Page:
At Bluewater Foot & Ankle Specialists, we treat a wide variety of conditions pertaining to the foot and ankle. From ingrown toenails to traumatic injuries requiring surgical intervention, there are few foot and ankle services we do not provide. Please read about many of our services we provide below, however, this is not an exhaustive list.
Arthritis of the Foot & Ankle
With many kinds of arthritis, your joints wear down over time. You slowly lose the smooth "cushioning" cartilage inside them. As a result, your bones rub and wear against each other. Soft tissues in your joints also may begin to wear down. Several types of arthritis can cause pain in your feet and ankles, and there are a variety of treatment options available to you.
Plantar Fasciitis and Heel Pain
Plantar fasciitis is one of the most common causes of heel pain. It involves inflammation of a thick band of tissue that runs across the bottom of your foot and connects your heel bone to your toes (plantar fascia). Plantar fasciitis commonly causes stabbing pain that usually occurs with your first steps in the morning.
Ingrown toenails occur when the edges or corners of your nails grow into the skin next to the nail. Your big toe is most likely to get an ingrown toenail. The physician will life the toenail, partially remove the nail, or remove the nail and tissue depending on the severity of your ingrown toenail
Lower Extremity Wound Care
Lower extremity wounds, such as leg and foot sores, often begin as relatively minor wounds. If left untreated, blisters and sores can become infected and chronic. This can be the result of a combination of problems including poor circulation, critical limb ischemia, diabetes and other medical problems.
Bunions develop slowly. Pressure on the big toe joint causes the big toe to lean toward the second toe. Over time, the normal structure of the bone changes, resulting in the bunion bump. This deformity will gradually increase and may make it painful to wear shoes or walk.
Hammertoe and mallet toe are foot deformities that occur due to an imbalance in the muscles, tendons or ligaments that normally hold the toe straight. The type of shoes you wear, foot structure, trauma and certain disease processes can contribute to the development of these deformities.
Routine Diabetic Foot Management
A podiatrist is an important part of your diabetes health care team. Podiatrists are specifically trained to assess the nerve damage in your feet, identify your specific foot health risks, and help you come up with a treatment and prevention plan. Diabetes can impact your feet in a number of ways, and podiatrists help address those issues.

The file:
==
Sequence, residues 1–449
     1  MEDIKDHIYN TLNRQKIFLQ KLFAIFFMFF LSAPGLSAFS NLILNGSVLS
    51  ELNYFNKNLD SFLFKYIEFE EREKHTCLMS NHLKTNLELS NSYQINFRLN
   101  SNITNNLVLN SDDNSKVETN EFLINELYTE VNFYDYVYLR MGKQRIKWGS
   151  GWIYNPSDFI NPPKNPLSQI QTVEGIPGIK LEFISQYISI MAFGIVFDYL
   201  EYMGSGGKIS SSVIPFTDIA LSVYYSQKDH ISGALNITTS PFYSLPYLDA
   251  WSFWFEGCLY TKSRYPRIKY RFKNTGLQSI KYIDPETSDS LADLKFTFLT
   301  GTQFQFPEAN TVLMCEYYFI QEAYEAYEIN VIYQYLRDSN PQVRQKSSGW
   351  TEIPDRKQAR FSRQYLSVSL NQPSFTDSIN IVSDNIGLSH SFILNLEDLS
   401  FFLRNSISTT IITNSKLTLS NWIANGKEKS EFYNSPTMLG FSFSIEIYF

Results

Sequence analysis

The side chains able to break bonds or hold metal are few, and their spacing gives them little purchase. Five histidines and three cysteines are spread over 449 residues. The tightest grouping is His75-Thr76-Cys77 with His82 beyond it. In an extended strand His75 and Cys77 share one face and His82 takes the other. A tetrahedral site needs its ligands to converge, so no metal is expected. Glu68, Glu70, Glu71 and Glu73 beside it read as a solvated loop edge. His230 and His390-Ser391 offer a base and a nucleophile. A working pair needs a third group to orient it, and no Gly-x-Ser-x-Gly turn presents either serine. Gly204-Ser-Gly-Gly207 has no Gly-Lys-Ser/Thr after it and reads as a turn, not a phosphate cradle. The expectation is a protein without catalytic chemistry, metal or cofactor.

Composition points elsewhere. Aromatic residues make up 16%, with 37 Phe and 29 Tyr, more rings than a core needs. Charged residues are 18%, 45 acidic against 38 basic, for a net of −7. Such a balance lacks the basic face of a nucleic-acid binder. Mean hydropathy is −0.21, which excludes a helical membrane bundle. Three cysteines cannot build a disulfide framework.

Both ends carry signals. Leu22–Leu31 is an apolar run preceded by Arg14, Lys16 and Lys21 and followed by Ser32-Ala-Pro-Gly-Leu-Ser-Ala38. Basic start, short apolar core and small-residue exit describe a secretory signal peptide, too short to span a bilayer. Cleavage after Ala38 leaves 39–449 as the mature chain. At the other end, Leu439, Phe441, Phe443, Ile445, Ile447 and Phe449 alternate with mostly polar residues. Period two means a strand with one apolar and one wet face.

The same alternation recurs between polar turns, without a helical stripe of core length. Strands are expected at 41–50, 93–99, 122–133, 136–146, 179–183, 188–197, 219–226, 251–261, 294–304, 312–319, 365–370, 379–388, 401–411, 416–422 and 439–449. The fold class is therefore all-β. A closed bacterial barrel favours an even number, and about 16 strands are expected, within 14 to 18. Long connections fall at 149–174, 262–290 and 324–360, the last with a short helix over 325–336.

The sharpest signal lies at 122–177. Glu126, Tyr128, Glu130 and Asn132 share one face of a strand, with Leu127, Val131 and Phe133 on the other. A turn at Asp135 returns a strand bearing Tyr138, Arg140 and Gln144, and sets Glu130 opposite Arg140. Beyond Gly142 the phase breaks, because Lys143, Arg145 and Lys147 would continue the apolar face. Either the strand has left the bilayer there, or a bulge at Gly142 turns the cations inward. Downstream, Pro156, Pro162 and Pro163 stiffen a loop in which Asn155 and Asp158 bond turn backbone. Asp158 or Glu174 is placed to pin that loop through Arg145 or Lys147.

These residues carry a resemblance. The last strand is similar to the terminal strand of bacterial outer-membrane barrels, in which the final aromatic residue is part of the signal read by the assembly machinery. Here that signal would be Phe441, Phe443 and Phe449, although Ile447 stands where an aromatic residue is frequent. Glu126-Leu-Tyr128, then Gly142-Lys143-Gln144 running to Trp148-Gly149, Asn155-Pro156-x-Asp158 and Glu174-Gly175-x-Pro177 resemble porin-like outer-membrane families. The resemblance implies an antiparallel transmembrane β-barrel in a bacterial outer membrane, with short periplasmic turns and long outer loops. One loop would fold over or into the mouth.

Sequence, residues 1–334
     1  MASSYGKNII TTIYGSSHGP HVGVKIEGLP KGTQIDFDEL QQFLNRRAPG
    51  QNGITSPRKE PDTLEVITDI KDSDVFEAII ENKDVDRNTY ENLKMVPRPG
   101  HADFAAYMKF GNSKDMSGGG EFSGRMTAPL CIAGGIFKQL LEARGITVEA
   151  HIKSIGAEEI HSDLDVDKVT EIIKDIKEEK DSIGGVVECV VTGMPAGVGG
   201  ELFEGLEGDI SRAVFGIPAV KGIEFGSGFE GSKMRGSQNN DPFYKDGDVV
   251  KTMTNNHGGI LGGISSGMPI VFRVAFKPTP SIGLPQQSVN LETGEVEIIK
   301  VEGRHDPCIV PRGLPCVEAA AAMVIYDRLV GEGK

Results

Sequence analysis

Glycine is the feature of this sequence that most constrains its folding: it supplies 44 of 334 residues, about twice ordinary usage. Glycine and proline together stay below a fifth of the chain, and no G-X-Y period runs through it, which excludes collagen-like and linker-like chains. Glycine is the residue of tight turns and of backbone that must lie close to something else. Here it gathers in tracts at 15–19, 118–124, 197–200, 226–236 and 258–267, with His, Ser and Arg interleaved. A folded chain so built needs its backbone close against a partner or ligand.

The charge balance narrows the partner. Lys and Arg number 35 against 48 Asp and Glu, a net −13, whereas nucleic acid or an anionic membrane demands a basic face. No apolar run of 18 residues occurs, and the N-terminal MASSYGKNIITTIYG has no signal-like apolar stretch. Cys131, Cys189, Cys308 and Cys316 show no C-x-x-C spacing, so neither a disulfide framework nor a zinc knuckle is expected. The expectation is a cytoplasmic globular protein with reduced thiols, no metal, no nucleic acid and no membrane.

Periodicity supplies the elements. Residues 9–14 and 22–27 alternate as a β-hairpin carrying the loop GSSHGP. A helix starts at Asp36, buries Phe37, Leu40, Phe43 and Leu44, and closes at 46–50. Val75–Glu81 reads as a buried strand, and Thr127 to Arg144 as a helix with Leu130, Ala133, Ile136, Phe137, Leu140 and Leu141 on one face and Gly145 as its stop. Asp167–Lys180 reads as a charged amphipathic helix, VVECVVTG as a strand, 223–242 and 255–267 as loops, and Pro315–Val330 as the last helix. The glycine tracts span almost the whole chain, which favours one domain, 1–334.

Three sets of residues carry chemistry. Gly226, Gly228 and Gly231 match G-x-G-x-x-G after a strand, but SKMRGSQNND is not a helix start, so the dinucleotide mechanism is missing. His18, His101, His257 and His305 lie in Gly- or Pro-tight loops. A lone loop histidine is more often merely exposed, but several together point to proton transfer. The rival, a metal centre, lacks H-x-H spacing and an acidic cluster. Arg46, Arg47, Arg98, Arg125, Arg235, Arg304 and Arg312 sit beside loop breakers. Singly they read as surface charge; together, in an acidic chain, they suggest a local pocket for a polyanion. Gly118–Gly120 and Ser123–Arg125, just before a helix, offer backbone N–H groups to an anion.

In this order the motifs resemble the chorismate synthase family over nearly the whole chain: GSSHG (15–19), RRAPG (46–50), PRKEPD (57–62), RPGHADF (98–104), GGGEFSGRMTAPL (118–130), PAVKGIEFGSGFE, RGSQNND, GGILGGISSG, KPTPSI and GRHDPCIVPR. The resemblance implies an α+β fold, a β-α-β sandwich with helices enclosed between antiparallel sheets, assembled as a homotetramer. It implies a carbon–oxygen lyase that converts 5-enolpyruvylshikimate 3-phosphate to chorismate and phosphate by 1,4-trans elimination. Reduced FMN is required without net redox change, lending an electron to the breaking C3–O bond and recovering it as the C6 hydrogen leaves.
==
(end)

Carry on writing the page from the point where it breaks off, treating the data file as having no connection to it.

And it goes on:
Corns and calluses are thick, hardened layers of skin that develop when your skin tries to protect itself against friction and pressure. If you're healthy, you need treatment for corns and calluses only if they cause discomfort. If you have diabetes or another condition that causes poor blood flow to your feet, you're at greater risk of complications from corns and calluses.
We treat a variety of athletic injuries. The most common injuries that are a result of hard impacts or sudden forces include ankle sprains, broken bones, and ruptured tendons. Other injuries we commonly see as a result of overuse or repetitive impacts over time include stress fractures, shin splints, and plantar fasciitis.
Flatfeet and Custom Orthotics
If you have flat feet you may notice that most, if not all, of the bottom of your foot comes into contact with the ground when you stand. The absence of an arch in your foot is known as flatfoot. This condition can happen to both children and adults. It can be corrected with shoe inserts, physical therapy and sometimes surgery.
Routine Nail Care
Toenails can become harder to reach, thick, and painful as you age. We typically see patients every 10 weeks for routine care, such as trimming of your toenails, to ensure patients are not cutting themselves or otherwise improperly trimming their toenails.
Lower Extremity Soft Tissue Masses
In order to diagnose and further assess a soft tissue mass, your physician will likely order imaging studies. Most such lesions are treated with surgical excision, but some may be conservatively managed.